The National Academies of Sciences, Engineering, and Medicine
500 Fifth St. N.W. | Washington, D.C. 20001

Copyright © National Academy of Sciences. All rights reserved.
Terms of Use and Privacy Statement

Below are the first 10 and last 10 pages of uncorrected machine-read text (when available) of this chapter, followed by the top 30 algorithmically extracted key phrases from the chapter as a whole.
Intended to provide our own search engines and external engines with highly rich, chapter-representative searchable text on the opening pages of each chapter. Because it is UNCORRECTED material, please consider the following text as a useful but insufficient proxy for the authoritative book pages.

Do not use for reproduction, copying, pasting, or reading; exclusively for search engines.

OCR for page 1
Measuring Up: Prototypes for Mathematics Assessment Introduction

OCR for page 1
Measuring Up: Prototypes for Mathematics Assessment Goals for School Mathematics The 1989 NCTM report Curriculum and Evaluation Standards for School Mathematics identifies five broad goals for students' study of mathematics: To value mathematics. Students must recognize the varied roles played by mathematics in society, from accounting and finance to scientific research, from public policy debates to market research and political polls. Students' experiences in school must bring them to believe that mathematics has value for them, so they will have the incentive to continue studying mathematics as long as they are in school. To reason mathematically. Mathematics is, above all else, a habit of mind that helps clarify complex situations. Students must learn to gather evidence, to make conjectures, to formulate models, to invent counterexamples, and to build sound arguments. In so doing, they will develop the informed skepticism and sharp insight for which the mathematical perspective is so valued by society. To communicate mathematics. Learning to read, to write, and to speak about mathematical topics is essential not only as an objective in itself — in order that knowledge learned can be effectively used — but also as a strategy for understanding. There are no better ways to learn mathematics than by working in groups, teaching mathematics to each other, arguing about strategies, and expressing arguments carefully in written form. To solve problems. Industry expects school graduates to be able to use a wide variety of mathematical methods to solve problems. Students must, therefore, experience a wide variety of problems that vary in context, in length, in difficulty, and in method. They must learn to recast vague problems in a form amenable to analysis; to select appropriate strategies for solving problems; to recognize and formulate several solutions when that is appropriate; and to work with others in reaching consensus on solutions that are effective as well as logical. To develop confidence. The ability of individuals to cope with the mathematical demands of everyday life — as employees, as parents, and as citizens — depends on the attitudes toward mathematics conveyed by school experiences. One of the paradoxes of our age is the spectacle of parents who recognize the importance of mathematics yet boast of their own mathematical incompetence. Mathematics can neither be learned nor used unless it is supported by self-confidence built on success.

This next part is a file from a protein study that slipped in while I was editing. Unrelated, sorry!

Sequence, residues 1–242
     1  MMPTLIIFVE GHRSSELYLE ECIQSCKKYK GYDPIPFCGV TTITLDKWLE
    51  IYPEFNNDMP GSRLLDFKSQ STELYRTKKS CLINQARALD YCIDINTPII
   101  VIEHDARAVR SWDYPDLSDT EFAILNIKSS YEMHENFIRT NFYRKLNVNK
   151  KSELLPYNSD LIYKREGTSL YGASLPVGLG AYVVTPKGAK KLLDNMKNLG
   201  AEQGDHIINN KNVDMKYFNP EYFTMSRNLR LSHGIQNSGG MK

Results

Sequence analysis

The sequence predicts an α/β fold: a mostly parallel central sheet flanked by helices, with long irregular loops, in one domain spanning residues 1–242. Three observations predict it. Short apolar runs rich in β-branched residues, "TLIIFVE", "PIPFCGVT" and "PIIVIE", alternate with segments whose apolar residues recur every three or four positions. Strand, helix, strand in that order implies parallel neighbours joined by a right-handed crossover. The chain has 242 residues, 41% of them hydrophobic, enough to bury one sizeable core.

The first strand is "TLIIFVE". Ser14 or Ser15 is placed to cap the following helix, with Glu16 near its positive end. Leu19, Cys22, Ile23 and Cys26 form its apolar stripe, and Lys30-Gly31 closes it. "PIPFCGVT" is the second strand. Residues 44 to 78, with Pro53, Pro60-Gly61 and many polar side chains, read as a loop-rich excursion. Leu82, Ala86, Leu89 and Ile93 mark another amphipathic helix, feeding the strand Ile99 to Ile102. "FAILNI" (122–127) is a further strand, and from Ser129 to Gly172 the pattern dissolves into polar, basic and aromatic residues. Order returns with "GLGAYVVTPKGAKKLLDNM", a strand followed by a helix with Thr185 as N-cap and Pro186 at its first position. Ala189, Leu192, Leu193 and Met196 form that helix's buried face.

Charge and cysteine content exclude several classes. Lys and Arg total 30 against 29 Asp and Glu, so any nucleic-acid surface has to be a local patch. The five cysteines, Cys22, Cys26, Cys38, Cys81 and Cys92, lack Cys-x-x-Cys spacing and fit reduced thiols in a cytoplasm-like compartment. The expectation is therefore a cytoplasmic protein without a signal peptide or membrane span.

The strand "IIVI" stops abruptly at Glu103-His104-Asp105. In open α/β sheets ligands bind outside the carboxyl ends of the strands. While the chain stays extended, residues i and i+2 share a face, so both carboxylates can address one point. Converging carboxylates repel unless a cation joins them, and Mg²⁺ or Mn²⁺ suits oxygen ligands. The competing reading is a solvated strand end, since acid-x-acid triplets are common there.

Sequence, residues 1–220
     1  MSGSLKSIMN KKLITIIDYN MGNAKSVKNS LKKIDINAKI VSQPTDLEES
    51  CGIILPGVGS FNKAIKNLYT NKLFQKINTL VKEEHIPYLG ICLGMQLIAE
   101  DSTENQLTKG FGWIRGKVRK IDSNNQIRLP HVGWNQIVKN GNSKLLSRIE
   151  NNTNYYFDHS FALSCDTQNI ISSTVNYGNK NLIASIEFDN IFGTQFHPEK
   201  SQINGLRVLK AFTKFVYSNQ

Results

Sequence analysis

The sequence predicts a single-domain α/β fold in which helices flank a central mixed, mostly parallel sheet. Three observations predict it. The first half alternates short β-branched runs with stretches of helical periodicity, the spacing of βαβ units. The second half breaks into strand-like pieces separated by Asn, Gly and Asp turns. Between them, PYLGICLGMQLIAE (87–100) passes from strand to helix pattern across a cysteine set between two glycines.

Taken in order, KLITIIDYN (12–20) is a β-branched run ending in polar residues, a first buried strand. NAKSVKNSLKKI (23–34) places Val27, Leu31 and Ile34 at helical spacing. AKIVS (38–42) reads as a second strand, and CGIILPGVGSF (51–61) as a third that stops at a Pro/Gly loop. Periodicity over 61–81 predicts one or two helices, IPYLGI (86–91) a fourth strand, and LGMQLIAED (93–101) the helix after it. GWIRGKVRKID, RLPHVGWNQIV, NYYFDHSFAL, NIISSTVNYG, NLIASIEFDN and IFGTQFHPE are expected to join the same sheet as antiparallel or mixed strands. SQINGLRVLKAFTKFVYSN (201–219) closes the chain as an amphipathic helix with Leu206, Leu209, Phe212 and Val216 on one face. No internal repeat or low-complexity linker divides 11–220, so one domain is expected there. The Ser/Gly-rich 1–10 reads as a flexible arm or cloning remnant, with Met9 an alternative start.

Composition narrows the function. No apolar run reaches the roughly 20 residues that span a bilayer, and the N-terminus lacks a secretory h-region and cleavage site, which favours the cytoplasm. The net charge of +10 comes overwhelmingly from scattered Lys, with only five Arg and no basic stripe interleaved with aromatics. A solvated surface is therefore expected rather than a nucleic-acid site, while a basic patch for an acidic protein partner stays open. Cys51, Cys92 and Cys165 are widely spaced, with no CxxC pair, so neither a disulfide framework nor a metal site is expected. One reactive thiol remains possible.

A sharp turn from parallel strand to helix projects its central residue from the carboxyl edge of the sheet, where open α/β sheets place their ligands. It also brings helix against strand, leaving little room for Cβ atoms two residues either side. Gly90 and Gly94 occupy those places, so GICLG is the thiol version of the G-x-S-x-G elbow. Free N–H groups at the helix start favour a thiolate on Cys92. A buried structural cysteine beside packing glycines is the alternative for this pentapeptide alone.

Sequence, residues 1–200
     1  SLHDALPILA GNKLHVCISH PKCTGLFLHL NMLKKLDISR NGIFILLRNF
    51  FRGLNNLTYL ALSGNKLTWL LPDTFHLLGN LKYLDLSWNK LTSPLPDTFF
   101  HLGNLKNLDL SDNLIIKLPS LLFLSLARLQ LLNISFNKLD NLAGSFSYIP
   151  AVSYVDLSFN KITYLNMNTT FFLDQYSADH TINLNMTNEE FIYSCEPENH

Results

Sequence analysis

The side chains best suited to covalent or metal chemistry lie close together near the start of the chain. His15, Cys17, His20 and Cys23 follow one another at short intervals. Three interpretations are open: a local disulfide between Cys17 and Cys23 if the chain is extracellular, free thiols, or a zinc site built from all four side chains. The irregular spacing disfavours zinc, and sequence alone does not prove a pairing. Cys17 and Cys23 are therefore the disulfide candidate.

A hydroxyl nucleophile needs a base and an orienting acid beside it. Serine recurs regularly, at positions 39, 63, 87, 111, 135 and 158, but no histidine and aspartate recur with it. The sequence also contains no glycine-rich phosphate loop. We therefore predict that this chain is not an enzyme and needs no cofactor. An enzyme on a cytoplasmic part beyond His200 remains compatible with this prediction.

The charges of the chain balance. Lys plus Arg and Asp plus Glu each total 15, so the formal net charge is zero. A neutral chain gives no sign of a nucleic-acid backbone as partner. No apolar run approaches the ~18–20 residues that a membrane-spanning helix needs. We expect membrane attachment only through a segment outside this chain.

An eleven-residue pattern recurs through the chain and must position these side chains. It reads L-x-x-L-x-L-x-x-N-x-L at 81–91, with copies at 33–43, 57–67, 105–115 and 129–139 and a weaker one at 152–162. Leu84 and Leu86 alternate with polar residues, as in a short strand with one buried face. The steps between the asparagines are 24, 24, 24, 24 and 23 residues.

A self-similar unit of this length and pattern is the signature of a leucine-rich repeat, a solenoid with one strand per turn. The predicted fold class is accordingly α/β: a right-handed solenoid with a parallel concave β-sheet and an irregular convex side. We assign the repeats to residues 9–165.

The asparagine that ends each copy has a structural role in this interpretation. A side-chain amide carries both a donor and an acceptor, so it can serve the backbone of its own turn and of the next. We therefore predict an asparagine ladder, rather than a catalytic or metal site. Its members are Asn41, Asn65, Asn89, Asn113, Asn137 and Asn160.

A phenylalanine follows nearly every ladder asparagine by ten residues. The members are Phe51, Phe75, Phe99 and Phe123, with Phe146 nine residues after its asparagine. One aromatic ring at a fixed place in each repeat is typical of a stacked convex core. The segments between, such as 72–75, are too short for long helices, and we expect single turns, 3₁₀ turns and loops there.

OCR for page 1
Measuring Up: Prototypes for Mathematics Assessment Measuring What's Worth Learning The spotlight of educational reform continues to sweep across the stage of mathematics. First curriculum, then teaching, and now assessment have come under intense professional and public scrutiny. Amid deteriorating public confidence in the quality of American education, the mathematical community is addressing multiple challenges to articulate and implement effective standards in the key arena of testing, assessment, and accountability. In the center of the assessment stage are three elements contesting for leadership. Conventional testing offers comfortable short-response tests on traditional content that are taken by millions of students every year. Reformers, including authors of the two K-12 Standards documents from the National Council of Teachers of Mathematics (NCTM), call for fundamental change — different in content, in format, and particularly in spirit. To this well-rehearsed contest of traditionalist vs. reformist has now been added a third movement arriving from outside the educational community: the political call for assessment of progress towards our nation's new standards in mathematics education. In the decade since publication of A Nation at Risk, the United States has moved a long way toward a new consensus for education. Talk of national standards, once taboo, is now commonplace; so too is talk of alternative school structures